Franche-Comté in eastern France is in the region of Burgundy-Franche-Comté and borders Switzerland. It’s a lush green land of mountains and pine forests, lakes and valleys. It’s an unspoiled region, with eight departments, peppered with picturesque villages and with no major league big cities. The capital, Besancon has a population of about 116,000. It’s also a land of forts and castles and of rich natural riches. We take a look at Franche-Comte’s UNESCO listed treasures.
A 17th century Citadel dominates the city of Besançon. Designed by Louis XIV’s military engineer Vauban in 1668, the citadel and 11 other impressive military architectural sites were recognised as a UNESCO World Heritage Site in 2008. The fortifications cover 11 hectares and look out over the old town and the Doubs River. The site is encircled by ramparts with walkways and watchtowers, step out on to the Chemin de rond to walk along the citadel’s outer ramparts though if you’ve not got a head for heights you may not enjoy it. Set atop a hill 100 metres above the city, the walls are up to 20 metres high and 5 to 6 metres thick.
The Citadel is home to three museums: the Comtois museum (local life and history), the French Resistance and Deportation museum and the Natural History museum. Citadelle.com
Prehistoric pile dwellings Chalain and Clairvaux Jura
In 2011, 111 Prehistoric palaeolithic sites around the Alps were inscribed on the UNESCO World Heritage List. They are classified as being “representative of prehistoric habitats” from 5000 to 500 BC. All are located near the main water bodies in the Alpine arc. The Lake Dwelling is an “invisible cultural property.” These prehistoric dwellings were the first underwater cultural property to be inscribed. Now buried and covered with water, the remains including artefacts of every day life including food and fabrics. They have been incredibly well preserved in this waterlogged and oxygen deprived environment. clairvaux-les-lacs.com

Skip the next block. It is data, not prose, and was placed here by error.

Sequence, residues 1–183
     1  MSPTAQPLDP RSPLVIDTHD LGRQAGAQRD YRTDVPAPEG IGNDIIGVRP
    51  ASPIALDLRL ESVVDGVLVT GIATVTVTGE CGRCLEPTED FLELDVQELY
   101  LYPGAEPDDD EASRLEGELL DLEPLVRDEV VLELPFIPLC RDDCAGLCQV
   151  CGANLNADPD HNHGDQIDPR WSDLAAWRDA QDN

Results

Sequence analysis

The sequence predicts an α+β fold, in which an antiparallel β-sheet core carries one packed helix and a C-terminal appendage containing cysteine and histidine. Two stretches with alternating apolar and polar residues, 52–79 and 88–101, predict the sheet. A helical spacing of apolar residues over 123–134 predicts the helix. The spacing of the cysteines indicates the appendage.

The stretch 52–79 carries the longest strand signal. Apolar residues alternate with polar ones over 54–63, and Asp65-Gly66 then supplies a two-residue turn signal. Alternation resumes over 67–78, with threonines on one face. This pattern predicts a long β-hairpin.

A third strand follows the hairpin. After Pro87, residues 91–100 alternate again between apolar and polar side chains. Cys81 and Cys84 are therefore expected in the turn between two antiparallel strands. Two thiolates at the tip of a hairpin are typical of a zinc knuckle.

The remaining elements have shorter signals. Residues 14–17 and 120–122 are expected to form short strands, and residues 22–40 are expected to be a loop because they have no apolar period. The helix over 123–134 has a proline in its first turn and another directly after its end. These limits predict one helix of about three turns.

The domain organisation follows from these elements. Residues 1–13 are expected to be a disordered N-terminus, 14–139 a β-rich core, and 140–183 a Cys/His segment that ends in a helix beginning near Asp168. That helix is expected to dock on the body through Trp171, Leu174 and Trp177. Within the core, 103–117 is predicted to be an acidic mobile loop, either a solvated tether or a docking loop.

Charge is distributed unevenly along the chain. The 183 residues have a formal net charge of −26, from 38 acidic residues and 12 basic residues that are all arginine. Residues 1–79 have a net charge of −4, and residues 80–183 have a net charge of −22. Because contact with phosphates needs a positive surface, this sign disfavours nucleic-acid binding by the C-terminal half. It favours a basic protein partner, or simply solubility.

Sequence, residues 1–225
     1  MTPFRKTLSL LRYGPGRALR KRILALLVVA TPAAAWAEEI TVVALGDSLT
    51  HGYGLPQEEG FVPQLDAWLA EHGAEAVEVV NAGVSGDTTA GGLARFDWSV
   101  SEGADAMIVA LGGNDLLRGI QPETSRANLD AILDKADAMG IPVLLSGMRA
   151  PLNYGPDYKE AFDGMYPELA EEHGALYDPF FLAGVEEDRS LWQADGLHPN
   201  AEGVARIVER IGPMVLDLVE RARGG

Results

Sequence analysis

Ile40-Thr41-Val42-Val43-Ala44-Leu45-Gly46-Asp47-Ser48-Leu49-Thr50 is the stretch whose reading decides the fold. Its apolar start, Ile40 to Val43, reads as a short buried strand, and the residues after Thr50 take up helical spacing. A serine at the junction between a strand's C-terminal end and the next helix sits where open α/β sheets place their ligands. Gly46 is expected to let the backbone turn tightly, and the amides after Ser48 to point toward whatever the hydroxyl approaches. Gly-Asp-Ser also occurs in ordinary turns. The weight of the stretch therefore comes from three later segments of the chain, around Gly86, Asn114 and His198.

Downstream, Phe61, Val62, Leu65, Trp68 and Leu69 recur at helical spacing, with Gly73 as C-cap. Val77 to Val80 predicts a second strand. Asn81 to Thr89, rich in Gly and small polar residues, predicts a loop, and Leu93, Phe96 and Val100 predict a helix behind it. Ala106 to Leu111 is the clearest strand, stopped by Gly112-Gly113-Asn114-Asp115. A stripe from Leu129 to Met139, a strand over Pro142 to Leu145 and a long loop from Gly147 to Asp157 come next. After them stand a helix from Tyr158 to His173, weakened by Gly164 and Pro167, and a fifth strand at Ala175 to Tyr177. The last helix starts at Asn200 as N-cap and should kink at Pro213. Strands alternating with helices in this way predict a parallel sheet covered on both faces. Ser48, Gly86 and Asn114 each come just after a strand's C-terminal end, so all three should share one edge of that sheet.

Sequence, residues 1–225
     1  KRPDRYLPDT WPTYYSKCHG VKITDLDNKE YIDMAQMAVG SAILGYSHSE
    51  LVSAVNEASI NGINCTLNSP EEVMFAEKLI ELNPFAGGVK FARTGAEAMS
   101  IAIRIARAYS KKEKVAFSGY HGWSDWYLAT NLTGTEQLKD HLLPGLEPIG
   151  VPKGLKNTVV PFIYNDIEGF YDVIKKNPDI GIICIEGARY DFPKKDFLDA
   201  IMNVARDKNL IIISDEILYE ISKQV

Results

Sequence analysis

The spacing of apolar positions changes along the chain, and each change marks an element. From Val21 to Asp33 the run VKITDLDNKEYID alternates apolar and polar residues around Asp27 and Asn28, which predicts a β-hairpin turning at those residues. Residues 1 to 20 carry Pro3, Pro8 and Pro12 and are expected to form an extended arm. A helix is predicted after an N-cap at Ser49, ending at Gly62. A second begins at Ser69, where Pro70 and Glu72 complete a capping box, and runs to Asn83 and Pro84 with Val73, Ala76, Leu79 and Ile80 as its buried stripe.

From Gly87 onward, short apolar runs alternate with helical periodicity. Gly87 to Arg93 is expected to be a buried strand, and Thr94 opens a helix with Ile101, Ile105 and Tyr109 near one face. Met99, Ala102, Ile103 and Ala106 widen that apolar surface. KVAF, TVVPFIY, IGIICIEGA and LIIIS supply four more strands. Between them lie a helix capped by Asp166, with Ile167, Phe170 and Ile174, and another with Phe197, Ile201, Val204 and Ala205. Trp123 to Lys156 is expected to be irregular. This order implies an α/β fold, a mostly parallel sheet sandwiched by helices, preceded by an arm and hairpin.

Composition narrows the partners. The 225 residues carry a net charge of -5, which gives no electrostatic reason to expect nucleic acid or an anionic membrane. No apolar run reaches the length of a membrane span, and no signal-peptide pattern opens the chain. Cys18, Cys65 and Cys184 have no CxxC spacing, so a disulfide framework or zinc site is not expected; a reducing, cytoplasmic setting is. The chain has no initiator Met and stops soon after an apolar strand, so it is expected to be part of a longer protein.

Saline Royale (Royal Saltworks), Arc-et-Senans, Doubs
Inscribed on the UNESCO World Heritage List for 40 years, the Saline Royale of Arc-et-Senans, commissioned by Louis XV, is the masterpiece of Claude-Nicolas Ledoux. Built between 1775 and 1779, the factory was dedicated to salt production from the briny water of natural springs at Salins some 16km away. A unique monument consisting of eleven buildings, where almost the entire workforce lived as well as worked. salineroyale.com
Grande Saline Saltworks, Salins-les-Bains
The Grande Saline salt factory is one of the most ancient industrial sites in France. Salt was produced in this town for more than 1200 years. Sourced from natural saltwater springs, saltier even than the Dead Sea, in the 13th century an underground gallery was created. The cathedral like tunnel is 165m long and part of a vast industrial complex covering two hectares which was built by the Dukes of Burgundy in the Middle Ages to produce the coveted ‘white gold.’ salinesdesalins.com